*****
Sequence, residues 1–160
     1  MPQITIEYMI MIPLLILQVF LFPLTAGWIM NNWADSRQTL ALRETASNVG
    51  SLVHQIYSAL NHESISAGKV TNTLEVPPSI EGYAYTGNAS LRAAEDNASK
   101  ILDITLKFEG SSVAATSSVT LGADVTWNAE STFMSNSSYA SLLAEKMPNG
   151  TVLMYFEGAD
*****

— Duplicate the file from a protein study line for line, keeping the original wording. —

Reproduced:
Sequence, residues 1–160
     1  MPQITIEYMI MIPLLILQVF LFPLTAGWIM NNWADSRQTL ALRETASNVG
    51  SLVHQIYSAL NHESISAGKV TNTLEVPPSI EGYAYTGNAS LRAAEDNASK
   101  ILDITLKFEG SSVAATSSVT LGADVTWNAE STFMSNSSYA SLLAEKMPNG
   151  TVLMYFEGAD